All interventions in health systems have system-wide effects. For example, if there is a health worker training intervention, its effects are not just limited to their efficiency alone, but involve all other components such as service delivery, resource allocation, etc. Many health interventions are not individual component level interventions but are system-wide. Health worker training is one such system-wide intervention. Thus systems level thinking will consider not only the individual components of the system but also how the components act, react and interact with each other [21, 22].

mHealth as a health system strengthening strategy

In order to assess whether mHealth innovations strengthen health systems, as described previously, systems thinking should be adopted. mHealth innovations should be viewed as a component of the complex health system. Coverage, quality, equity and efficiency in achieving the outcomes of good health, financial risk protection and responsiveness will ensure strengthening of the health system. The mHealth intervention cannot be seen as a standalone one. It should be viewed as integrated into the system.

Though there have been several studies reporting the effectiveness of mHealth systems and several case reports of successful mHealth applications, there are very few evaluations of mHealth application as a health system strengthening strategy [23]. This study reports an mHealth application implemented in Bihar, India as a health system strengthening strategy and views it from a health systems angle.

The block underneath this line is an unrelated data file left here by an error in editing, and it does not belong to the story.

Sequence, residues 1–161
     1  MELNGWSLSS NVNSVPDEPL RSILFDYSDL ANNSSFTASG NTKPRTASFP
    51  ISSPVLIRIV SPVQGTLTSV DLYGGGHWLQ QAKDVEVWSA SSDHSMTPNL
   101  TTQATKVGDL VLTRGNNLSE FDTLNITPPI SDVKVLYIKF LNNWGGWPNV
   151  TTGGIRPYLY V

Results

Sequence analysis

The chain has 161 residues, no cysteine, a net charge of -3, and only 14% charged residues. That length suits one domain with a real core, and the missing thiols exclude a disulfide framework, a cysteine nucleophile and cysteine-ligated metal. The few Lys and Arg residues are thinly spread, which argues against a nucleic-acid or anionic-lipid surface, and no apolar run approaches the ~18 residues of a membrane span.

Methods

Continuum of care services (Maternal and Child) using mHealth

A public health program to improve maternal and newborn health was initiated in Bihar by Care India with the support of Bill and Melinda Gates Foundation with the overall goal of achieving the Millennium Development Goals (MDG) 4 and 5. As an innovation in this program, the Continuum of Care Services (CCS) - (Maternal and Child) was introduced using an mHealth platform. The mHealth platform is used for case management by the frontline community health workers (FLW). Under the CCS intervention pregnant women or newborns will be entered as a case into the system and followed up and care provided till the child is 6 years old (name based tracking of each pregnant mother and child in the FLW service area). There are specific units in the CCS mHealth application for pregnancy registration, antenatal care, birth preparedness, delivery, post natal care, exclusive breastfeeding, immunization and complementary feeding and growth monitoring. This CCS is depicted in Fig. 1.
Fig. 1

Continuum of Care Services for Maternal and Child Health from registration of pregnancy to the child’s 6th year of age